Slightly South of Simple by Kristy Woodson Harvey
Publisher: Gallery Books
Published: April 2017
Genre: women’s fiction
Summary: Caroline Murphy swore she’d never go back to Peachtree Bluff. But when her New York high society husband cheats on her with a high-profile model, Caroline escapes the gossip with her daughter for the safety and quiet of her mother’s home. Ansley is the proud owner of a waterfront interior design business in Peachtree Bluff. She welcomes Caroline with open arms–and finds her second daughter Sloane, a military wife with two young sons, and third daughter Emerson, an up-and-coming actress in town for a film shoot, joining them for the season. Ansley lovesher daughters, but the chaos of their lives upends the steady constancy of her own carefully constructed life. Just as she’s beginning to get the hang of new responsibilities, someone from her past appears, one who can shed light on her daughters’ history and potentially tear the threads of Ansley’s family apart.
Mini Review: This novel explores the dynamics between sisters and mothers and daughters, what it means to be in a successful marriage, and the many ways one can live life on their terms. While Caroline and Ansley have their opinions of how to be happy (and I’m erring on the side of Ansley for Caroline’s decisions, and I’ve no clue what I’d do if I were Ansley in her situation), the events surrounding the women in Peachtree Bluff prove there is no one correct answer to life’s surprises. The small-town atmosphere, Southern charm, and emotional core are at the heart of this enjoyable beach read.
This qualifies as book 6 of 16 in my TBR challenge.
My Oxford Year by Julia Whelan
Publisher: William Morrow
Published: April 2018
Genre: women’s fiction
Summary: American Ella Durran has had the same plan for her life since she was thirteen: study at Oxford. At 24, she’s finally made it to England on a Rhodes Scholarship when she’s offered an unbelievable position in a rising political star’s presidential campaign. With the promise that she’ll work remotely and return to DC at the end of her Oxford year, she’s free to enjoy her Once in a Lifetime Experience. That is, until a smart-mouthed local who is too quick with his tongue and his car ruins her shirt and her first day.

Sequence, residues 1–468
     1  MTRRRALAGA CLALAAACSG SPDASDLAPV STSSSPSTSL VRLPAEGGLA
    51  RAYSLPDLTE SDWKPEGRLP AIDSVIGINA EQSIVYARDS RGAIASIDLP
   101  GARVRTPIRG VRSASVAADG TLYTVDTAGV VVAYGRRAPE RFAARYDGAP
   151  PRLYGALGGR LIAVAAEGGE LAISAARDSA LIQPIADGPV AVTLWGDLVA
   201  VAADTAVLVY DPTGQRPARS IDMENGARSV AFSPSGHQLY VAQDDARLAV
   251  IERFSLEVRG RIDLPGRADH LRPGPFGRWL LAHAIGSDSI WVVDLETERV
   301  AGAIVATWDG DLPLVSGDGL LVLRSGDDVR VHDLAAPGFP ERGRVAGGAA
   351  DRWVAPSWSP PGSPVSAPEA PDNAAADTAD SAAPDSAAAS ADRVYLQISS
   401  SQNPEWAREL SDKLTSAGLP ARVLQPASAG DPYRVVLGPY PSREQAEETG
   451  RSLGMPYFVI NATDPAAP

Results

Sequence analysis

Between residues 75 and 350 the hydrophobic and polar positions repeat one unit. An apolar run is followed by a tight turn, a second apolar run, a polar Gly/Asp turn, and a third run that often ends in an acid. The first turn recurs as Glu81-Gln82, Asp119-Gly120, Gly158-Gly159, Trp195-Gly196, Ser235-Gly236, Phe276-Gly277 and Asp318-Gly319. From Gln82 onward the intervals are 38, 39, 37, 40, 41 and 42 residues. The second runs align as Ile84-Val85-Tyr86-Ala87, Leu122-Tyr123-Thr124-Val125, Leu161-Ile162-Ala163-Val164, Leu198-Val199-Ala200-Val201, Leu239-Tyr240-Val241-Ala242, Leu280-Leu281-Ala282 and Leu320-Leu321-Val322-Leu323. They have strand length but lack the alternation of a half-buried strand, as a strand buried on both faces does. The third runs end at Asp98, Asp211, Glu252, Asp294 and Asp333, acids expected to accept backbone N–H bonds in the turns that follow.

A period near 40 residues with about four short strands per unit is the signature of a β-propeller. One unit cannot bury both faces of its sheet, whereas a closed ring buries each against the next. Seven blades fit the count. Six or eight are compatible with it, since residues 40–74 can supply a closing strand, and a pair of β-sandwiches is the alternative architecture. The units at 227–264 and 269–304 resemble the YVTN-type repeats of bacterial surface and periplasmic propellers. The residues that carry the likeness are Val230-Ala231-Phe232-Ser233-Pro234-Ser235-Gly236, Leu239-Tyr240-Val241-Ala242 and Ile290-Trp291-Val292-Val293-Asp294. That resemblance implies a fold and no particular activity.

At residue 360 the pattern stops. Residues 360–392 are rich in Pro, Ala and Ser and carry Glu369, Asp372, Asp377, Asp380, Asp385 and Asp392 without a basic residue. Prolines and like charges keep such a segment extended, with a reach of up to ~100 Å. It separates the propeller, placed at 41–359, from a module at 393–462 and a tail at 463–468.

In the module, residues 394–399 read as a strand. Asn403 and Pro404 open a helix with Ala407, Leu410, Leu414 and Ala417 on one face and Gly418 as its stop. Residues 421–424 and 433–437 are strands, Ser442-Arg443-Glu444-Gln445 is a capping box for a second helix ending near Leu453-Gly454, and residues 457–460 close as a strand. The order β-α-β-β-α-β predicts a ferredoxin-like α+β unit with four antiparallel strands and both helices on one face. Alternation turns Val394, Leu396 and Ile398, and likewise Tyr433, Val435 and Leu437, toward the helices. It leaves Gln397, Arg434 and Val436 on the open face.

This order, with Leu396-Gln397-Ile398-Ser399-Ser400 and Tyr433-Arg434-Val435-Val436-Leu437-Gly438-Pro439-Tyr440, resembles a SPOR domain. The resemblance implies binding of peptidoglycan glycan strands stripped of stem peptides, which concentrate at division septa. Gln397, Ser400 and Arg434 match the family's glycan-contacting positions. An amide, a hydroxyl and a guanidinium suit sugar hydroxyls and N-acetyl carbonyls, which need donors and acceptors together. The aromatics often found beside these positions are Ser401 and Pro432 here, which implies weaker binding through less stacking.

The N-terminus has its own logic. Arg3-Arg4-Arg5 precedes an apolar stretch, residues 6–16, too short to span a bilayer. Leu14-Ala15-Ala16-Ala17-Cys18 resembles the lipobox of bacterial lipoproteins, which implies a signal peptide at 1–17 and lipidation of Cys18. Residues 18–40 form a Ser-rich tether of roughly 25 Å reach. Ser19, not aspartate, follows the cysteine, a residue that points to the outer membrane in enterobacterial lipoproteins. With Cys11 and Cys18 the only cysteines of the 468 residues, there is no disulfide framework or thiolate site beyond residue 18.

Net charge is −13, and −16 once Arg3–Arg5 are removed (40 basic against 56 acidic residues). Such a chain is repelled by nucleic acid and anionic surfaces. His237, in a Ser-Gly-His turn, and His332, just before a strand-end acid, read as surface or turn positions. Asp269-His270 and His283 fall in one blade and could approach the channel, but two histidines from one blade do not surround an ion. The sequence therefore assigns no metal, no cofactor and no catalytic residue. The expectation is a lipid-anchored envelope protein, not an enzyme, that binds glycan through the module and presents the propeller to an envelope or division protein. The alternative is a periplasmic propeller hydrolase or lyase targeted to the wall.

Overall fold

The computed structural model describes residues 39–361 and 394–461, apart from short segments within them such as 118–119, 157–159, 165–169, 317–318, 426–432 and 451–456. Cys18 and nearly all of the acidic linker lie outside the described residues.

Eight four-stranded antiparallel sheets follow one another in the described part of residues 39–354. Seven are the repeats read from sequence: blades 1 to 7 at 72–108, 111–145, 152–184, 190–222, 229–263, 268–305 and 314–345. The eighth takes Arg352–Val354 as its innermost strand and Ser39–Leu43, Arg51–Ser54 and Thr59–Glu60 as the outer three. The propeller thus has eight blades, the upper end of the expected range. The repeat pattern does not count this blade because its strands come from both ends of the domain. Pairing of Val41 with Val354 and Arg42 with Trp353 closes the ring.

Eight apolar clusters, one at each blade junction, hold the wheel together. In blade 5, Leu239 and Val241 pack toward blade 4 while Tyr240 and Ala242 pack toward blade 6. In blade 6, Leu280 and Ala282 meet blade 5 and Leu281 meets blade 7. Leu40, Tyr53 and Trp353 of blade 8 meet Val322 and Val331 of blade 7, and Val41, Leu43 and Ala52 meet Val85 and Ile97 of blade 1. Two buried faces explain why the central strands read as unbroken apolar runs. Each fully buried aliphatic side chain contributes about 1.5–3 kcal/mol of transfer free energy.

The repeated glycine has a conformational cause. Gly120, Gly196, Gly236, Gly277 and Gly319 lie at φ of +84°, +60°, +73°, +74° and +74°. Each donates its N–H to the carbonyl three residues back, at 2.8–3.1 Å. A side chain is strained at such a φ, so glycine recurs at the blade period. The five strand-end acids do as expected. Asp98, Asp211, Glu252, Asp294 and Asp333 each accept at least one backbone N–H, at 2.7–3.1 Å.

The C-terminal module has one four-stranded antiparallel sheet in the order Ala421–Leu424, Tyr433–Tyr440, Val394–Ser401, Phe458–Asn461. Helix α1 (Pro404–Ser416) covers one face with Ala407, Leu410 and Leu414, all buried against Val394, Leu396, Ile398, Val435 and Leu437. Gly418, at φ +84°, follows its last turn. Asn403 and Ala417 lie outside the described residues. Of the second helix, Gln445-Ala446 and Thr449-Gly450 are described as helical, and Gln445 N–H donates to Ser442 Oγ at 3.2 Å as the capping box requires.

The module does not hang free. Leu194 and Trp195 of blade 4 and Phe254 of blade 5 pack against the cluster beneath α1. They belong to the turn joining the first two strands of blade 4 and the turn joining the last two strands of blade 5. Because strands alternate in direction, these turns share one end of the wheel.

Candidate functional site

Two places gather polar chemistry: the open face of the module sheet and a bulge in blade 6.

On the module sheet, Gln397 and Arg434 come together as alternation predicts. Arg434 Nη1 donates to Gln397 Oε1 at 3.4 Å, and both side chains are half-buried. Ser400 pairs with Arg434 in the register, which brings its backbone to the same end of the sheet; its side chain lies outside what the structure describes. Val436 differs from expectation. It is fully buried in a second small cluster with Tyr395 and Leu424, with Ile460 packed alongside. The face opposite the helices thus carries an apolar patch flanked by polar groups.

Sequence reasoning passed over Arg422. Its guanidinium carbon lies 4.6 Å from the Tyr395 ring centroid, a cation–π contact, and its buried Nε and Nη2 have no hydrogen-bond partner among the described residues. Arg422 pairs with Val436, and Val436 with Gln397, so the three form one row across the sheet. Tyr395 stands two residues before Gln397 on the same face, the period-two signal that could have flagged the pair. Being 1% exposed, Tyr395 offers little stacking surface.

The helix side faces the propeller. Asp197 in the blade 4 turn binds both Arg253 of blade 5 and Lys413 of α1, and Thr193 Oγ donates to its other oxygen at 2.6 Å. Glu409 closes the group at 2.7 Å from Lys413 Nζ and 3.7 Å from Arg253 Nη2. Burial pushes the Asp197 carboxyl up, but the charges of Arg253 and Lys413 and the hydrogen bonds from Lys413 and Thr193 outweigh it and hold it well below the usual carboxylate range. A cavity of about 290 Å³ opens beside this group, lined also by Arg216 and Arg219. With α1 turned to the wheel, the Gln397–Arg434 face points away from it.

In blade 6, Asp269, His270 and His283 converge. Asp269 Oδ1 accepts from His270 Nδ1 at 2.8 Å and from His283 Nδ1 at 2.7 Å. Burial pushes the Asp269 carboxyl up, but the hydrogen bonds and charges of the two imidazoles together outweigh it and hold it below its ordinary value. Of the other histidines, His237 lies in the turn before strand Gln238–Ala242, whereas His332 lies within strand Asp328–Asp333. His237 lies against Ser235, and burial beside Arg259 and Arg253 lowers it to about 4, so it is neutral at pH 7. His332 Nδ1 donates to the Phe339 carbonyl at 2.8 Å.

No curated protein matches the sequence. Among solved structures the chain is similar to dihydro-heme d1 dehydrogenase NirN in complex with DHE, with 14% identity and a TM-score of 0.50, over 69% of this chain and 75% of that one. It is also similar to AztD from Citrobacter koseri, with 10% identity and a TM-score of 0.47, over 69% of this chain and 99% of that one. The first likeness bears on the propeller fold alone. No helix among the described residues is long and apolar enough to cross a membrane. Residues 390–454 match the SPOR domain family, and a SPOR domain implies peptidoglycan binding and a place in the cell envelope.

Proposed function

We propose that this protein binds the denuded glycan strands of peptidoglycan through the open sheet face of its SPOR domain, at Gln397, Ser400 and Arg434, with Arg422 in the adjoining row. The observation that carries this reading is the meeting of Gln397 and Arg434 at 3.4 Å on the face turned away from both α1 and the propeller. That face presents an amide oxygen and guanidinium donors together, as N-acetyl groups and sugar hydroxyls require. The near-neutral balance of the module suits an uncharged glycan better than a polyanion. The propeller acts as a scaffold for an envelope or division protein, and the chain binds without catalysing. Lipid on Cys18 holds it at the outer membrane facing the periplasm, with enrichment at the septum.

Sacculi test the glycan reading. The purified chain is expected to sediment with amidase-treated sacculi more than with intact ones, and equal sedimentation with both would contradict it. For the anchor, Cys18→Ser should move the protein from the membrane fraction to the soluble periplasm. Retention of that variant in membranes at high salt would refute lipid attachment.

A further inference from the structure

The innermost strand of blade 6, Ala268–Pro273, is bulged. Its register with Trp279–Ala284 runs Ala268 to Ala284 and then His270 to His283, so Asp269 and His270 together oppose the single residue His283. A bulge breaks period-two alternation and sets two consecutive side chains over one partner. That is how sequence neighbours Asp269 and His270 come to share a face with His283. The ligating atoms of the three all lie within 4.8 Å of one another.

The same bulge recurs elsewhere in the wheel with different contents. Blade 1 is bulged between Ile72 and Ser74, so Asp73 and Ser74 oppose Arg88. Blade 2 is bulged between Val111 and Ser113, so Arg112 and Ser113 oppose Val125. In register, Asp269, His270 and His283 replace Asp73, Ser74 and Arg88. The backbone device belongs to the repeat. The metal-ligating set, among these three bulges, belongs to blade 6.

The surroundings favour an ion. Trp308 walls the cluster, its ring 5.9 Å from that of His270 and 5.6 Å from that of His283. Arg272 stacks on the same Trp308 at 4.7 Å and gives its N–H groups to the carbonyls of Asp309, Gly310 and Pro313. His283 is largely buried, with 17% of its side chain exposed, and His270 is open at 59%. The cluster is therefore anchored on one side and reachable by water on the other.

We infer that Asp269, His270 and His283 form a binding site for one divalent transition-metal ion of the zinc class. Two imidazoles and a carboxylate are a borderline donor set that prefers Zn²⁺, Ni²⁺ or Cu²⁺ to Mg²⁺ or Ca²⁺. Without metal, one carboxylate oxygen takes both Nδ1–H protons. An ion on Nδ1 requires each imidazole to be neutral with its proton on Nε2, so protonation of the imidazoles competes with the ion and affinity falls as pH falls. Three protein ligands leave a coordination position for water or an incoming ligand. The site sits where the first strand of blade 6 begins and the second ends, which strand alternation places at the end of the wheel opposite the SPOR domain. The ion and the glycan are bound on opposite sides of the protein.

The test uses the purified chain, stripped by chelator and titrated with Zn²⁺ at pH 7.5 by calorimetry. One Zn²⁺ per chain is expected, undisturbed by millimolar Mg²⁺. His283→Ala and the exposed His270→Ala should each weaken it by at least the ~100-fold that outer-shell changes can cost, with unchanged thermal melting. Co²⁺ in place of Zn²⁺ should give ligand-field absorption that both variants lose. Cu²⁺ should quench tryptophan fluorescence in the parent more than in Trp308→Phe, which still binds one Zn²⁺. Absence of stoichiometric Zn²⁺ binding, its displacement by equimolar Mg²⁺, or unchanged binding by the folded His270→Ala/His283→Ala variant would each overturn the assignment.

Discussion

When Ella discovers that her English literature course will be taught by none other than that same local, Jamie Davenport, she thinks for the first time that Oxford might not be all she’s envisioned. But a late-night drink reveals a connection she wasn’t anticipating finding and what begins as a casual fling soon develops into something much more when Ella learns Jamie has a life-changing secret. As the end of her year in Oxford rapidly approaches, Ella must decide if the dreams she’s always wanted are the same ones she’s now yearning for.
Mini Review: I really enjoyed the first half of this novel and wasn’t too pleased with the second half of the novel. Mostly because I kept thinking, “This story trope again? Why? This could’ve been so much more!” I enjoyed the writing of the first half as well, while the second half seemed to have a more cinematic quality to it rather than its more literary beginning (which makes sense, since it was written primarily as a screenplay–sink into the location and set-up and meet all the cast, then focus on minute details in conversations during The Event). That said, I love stories set in Oxford, I love Victorian literature, and I loved Ella’s political leanings and believe in education and the arts. Getting to be with this character (at least for the first half!) was an absolute joy.
This qualifies as book 4 of 5 in my fun library books challenge.